First, check whether your wrench comes in the size that you need. To tighten the bicycle spokes, you need to put the notch on your wrench to the nipple. Turn the wrench towards the counter-clockwise to tighten the spoke.

After this, you should cross-check that the spoke is tight enough by plucking it. Turn the wrench once and recheck it. If you hear a low pitch, the spoke is loose, but a higher pitch shows that the spoke is tighter.

5.Straighten the Rim

Now, you can straighten the rim after tightening the spoke. Assess the ding on the rim, which is usually about a couple of inches long. Tighten the two spokes close to the ding the same way by turning it only halfway with the wrench. Check the gap after doing that.

Continue to repeat this process until you see that the ding is significantly not as bent as it used to be. If your bike has more dings than usual, maybe because it’s a giant wheel, you will have to tighten up to four spokes facing the opposite direction.

If the spoke nipples are rusty, make them easier to rotate by applying lubricant.

6. Even Out the Stresses

Once the wheel has been fixed, and the gaps are evened, your rim would be mostly straight. You can then press the spokes in your bike rim to make it completely straightforward.

Tips for Straightening a Bent Rim

  • When fixing a bent rim, start with the largest ding before going to the smaller ones.
  • Carefully pluck the spokes when checking whether it is appropriately tight or stiff after using a wrench to tighten it.
  • Always loosen the spoke at the other side of the spoke you are tightening.
  • If your bike rim is too far away from the hub, tighten the spokes that are far away from the hub.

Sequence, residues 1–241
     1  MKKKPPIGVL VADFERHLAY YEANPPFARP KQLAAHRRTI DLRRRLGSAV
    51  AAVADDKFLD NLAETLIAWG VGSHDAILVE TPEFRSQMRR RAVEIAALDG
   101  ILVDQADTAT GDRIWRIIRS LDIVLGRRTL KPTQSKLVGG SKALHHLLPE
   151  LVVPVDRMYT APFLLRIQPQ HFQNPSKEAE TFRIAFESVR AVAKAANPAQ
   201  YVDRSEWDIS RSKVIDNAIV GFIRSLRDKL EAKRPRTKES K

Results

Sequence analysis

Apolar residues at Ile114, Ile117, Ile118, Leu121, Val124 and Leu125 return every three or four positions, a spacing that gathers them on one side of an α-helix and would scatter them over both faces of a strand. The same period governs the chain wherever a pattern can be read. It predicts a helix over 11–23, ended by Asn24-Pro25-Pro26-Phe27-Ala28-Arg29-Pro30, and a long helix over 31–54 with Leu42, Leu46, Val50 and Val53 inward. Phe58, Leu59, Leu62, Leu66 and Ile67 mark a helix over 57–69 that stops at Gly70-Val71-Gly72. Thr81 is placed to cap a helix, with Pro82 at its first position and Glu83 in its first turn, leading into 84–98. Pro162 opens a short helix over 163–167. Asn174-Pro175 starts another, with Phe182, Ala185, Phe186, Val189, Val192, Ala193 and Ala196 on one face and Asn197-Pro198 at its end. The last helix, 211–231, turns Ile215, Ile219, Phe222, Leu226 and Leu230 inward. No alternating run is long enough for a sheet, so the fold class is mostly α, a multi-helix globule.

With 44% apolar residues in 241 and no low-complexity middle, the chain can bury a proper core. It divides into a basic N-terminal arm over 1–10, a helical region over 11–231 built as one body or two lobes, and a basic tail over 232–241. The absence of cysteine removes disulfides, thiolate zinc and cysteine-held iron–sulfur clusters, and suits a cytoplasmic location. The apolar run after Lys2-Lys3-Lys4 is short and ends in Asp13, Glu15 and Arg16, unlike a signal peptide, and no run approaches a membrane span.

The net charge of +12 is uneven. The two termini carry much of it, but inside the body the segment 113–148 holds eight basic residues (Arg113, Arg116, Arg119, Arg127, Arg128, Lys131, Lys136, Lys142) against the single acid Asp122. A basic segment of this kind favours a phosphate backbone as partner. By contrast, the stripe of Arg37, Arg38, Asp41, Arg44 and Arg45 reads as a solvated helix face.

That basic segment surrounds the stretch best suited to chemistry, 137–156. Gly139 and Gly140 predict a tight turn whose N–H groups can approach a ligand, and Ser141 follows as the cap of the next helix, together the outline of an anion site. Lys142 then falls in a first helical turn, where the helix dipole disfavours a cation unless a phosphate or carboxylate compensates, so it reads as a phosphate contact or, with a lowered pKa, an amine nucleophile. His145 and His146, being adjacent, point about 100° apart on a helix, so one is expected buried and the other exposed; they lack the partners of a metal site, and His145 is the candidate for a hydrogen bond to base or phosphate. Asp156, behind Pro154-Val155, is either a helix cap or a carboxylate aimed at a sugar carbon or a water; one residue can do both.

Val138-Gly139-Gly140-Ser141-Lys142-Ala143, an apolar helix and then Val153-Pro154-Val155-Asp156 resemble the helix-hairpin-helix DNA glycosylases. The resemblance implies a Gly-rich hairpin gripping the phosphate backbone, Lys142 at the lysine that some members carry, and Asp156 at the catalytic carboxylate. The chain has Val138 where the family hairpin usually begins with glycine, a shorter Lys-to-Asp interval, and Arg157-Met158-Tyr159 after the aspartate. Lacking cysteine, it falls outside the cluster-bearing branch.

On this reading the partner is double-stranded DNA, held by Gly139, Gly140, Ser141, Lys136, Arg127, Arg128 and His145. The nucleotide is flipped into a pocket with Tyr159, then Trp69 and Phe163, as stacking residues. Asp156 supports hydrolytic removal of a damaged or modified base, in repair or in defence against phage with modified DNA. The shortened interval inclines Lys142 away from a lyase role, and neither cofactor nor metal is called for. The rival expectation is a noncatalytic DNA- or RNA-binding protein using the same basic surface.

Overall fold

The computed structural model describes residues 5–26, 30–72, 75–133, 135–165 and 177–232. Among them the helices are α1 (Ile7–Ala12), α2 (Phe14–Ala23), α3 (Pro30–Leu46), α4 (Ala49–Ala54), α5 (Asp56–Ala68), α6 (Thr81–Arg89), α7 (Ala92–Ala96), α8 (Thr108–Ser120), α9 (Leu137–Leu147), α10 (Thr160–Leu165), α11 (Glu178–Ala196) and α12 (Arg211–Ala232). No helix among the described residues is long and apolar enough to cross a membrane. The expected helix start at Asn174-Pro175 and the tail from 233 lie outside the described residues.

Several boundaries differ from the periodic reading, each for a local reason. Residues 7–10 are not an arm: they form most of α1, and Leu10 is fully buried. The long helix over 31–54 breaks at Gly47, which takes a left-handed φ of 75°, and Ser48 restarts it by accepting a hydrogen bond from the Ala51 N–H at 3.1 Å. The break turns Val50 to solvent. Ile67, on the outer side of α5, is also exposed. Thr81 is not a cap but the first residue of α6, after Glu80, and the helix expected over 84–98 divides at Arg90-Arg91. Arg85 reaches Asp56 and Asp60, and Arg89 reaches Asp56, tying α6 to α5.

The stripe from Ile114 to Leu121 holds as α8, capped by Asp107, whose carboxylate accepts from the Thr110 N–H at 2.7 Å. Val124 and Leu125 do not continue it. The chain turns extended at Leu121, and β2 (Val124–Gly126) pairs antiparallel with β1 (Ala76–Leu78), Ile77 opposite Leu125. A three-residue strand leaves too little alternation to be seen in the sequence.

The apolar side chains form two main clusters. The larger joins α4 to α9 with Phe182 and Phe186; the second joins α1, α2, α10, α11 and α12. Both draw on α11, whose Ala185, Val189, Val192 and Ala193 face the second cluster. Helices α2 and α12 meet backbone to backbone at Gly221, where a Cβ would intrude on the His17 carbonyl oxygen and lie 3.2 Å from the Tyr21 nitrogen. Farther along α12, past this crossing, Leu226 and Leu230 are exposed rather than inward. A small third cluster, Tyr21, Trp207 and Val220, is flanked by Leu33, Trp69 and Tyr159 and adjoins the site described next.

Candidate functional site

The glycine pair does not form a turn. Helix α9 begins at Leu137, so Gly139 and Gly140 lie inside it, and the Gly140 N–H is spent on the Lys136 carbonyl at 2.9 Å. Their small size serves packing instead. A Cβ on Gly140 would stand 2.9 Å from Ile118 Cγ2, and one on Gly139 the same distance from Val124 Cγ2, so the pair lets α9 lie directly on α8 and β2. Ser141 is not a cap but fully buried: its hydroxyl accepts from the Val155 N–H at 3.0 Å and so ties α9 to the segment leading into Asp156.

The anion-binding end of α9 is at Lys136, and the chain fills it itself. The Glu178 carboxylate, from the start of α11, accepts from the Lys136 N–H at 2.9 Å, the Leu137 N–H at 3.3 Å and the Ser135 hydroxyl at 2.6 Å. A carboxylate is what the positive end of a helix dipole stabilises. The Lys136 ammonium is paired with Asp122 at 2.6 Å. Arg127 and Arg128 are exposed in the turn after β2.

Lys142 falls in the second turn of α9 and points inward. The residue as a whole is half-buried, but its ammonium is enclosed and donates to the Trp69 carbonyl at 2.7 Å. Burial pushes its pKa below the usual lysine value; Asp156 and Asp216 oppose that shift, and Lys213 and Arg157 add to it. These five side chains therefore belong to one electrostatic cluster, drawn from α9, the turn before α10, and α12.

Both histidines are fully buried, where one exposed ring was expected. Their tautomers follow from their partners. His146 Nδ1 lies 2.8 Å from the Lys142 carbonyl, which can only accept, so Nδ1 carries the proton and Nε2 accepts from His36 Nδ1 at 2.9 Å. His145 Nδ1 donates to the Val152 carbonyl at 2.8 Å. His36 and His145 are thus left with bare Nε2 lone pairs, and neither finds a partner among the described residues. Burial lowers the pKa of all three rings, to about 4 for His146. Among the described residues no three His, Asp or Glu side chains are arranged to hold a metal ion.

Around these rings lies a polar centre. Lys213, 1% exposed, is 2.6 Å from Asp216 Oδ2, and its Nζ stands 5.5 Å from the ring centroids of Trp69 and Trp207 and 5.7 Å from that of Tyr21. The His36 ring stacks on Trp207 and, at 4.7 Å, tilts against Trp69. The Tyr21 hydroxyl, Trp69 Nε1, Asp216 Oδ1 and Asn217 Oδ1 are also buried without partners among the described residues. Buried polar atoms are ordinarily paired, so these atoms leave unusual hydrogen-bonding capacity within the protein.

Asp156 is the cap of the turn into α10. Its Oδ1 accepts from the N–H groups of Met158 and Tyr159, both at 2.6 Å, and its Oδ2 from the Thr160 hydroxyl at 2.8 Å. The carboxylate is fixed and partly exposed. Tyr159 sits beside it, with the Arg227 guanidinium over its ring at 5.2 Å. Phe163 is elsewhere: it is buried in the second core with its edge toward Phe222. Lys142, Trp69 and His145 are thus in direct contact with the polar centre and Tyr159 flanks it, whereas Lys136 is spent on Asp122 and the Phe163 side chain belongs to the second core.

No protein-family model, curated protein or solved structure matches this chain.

• If your bike wheel is still not straightening after all the tightening, this is a sign that you need a new one.
  • If you’re having trouble keeping your bike in place, you can use masking tape instead.
  • You should cinch your brake to stop the rim from rubbing on one part of the bike.

Can You Ride with a Bent Bike Rim?

Although you can ride your bike even when the rim is bent, it would slow you down significantly. It’s not recommended to ride your bike either way because you risk damaging the rim and wheel. As you hit sidewalks or potholes, the bending parts can cause cracks in the rim. You should also avoid riding when the spokes are broken.

If the rims are bent, it can also affect the spoke tension, which can cause the spokes to become broken or loosen up. This would need serious repair. But if there are no faults asides from the bent rim, you can ride your bike for a short time.

When riding a bike with a bent rim, you will notice vibrations and shaking from the wheel. This will become more prominent when you’re riding at a higher speed. You will also see a strange sound every time the bent part of the rim reaches the ground.